A Little Rock-based law firm has cleared Pine Bluff High School principal Michael Nellums of any wrongdoing connected to allegations of sexual harassment.
A Little Rock-based law firm has cleared Pine Bluff High School principal Michael Nellums of any wrongdoing connected to allegations of sexual harassment. The Commercial obtained the 25-page report where more than 20 people were interviewed about their dealings with Nellums and a former student.
“Though pleased with the outcome, I am angry that anyone could destroy a 30-plus year career with blatant lies and deception,” said Nellums in an email to The Commercial. “I have always been professional with faculty and students and expected the results would support that. I look forward to returning to work for our children and the community that needs opportunities for those children."
On Jan. 29, Nellums was placed on administrative leave after the district learned of a lawsuit filed by Alquantavious Stokes who attended Pine Bluff High School. Stokes named Nellums, Pine Bluff School District superintendent, Jeremy Owoh and the district in his suit.
“Plaintiff participated in sports,” the lawsuit alleges. “Plaintiff got into a fight. Plaintiff was brought into Nellums’ office and threatened [him] with expulsion. Nellums then came behind plaintiff and started rubbing plaintiff’s back while at the same time Nellums held his own genitals.”
The lawsuit further states that because Stokes denied Nellums’ advances that he was banned from participating in school activities and sports. The class action complaint claims that Nellums sexually harassed more than 23 students at Pine Bluff High School and “successfully” engaged in sexual activity with some of them.” The suit even accuses security guards at the high school of sexually harassing students.
“I have never engaged in inappropriate relationships with faculty, staff or students in any district,” wrote Nellums who has previously worked in Pulaski County.
Emily Runyon, of Munson, Rowlett, Moore and Boone Law Firm, conducted the investigation into Nellums at the request of the school district. Per the report, Runyon began her investigation on Jan. 31 after the district contacted her on Jan. 30.
“Pursuant to our agreement, I began an investigation for the district regarding alleged inappropriate behavior on the part of the Pine Bluff School District high school principal Michael Nellums…,” the report states.
The findings included summaries of interviews from 21 people ranging from faculty to staff to former employees. Runyon noted that multiple people had never witnessed Nellums engage in behavior deemed unbecoming of a high school principal towards students or his colleagues.
“… Ms. Williams stated that she never had any issues with Dr. Nellums,” Runyon wrote in her report. “He had never made her feel uncomfortable or sexually harassed. She never witnessed any inappropriate behavior by Dr. Nellums towards any student or staff member.”
Runyon went on to say that Williams “never had any co-workers, teachers or staff talk to her about feeling uncomfortable around Dr. Nellums” adding the same sentiments for security guards at the school.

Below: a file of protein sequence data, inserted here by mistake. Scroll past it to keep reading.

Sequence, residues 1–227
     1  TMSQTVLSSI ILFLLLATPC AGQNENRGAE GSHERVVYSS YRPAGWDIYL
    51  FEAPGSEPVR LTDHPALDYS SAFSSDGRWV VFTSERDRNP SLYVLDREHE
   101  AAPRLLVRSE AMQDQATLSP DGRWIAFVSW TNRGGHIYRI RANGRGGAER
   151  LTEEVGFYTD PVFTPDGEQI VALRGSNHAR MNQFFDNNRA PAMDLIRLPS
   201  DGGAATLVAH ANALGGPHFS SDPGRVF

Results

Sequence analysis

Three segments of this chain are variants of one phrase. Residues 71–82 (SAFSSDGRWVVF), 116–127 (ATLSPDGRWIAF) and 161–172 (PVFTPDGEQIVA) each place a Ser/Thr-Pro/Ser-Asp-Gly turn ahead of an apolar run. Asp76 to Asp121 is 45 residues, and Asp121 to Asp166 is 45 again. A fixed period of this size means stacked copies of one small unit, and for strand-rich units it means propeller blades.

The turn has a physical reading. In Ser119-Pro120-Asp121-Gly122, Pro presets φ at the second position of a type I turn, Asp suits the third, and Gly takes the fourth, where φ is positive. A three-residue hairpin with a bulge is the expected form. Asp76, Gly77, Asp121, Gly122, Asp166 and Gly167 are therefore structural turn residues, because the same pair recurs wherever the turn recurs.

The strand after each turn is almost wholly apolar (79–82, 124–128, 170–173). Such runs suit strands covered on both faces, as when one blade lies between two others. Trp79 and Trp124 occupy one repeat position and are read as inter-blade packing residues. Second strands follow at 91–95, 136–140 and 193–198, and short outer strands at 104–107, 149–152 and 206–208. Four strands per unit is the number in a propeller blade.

While Nellums was described as a “firm, but fair” leader by interviewees, those who remembered Stokes, characterized him as a troublemaker who got into fights frequently.
“Officer Collins believed he first ran across student Al Stokes when Al was a ninth grader,” Runyon wrote. “The reason he recalled Al’s ninth grade year was, because he got into so many fights on campus during the school year. Officer Collins described them as gang fights.”
Based on Runyon’s notes, Collins and others also recalled Stokes’ encounters outside of school including a shooting. Last year, The Commercial reported on a shooting that happened at Kibb’s BBQ Restaurant on Blake Street. According to the police report, Stokes was one of three victims who suffered gunshot wounds on June 19.
“Officer Collins said the last time he had heard about Al Stokes, he heard through the community and on the news that he had been shot maybe two or three times at this point,” Runyon wrote. “Officer Collins stated he never had any personal problems with Al, he just wished he could have turned his life around and gotten it on track.”
In Runyon’s report, she said she couldn’t conclude that “the district had any reason to know of sexual harassment complaints by any student, including Alquantavious Stokes, against Dr. Nellums.” She also stated there wasn’t “enough information from the investigation to conclude that Dr. Nellums conducted himself in an inappropriate manner with student Alquantavious Stokes or any other student outside of the version of facts included in the complaint” filed by Stokes’ attorney.
“It appears that a large number of district employees that had daily interactions with Dr. Nellums and spent the majority of their working days within the general vicinity of Dr. Nellums did not have any reason to suspect misconduct on his part, did not witness any behaviors deemed inappropriate with students or adults and never at any time during that period received notification by any student or staff member of a problem or complaint,” Runyon wrote.
Lucien Gillham, Stokes’ attorney, found Runyon’s report to be incomplete based on her refusal to investigate multiple sworn witness testimonies connected to Nellum’s investigation.
“When she refused to consider those things, I think she was basically doing an investigation with blinders on,” Gillham said. “I think she was trying to make sure that she only found what the school district wanted found, which was that nothing happened. It was designed to come to a specific result, which was defend the school district and to not find the truth.”
According to Nellums’ attorney, Lawrence Walker, he is set to return to work although a date has not been determined.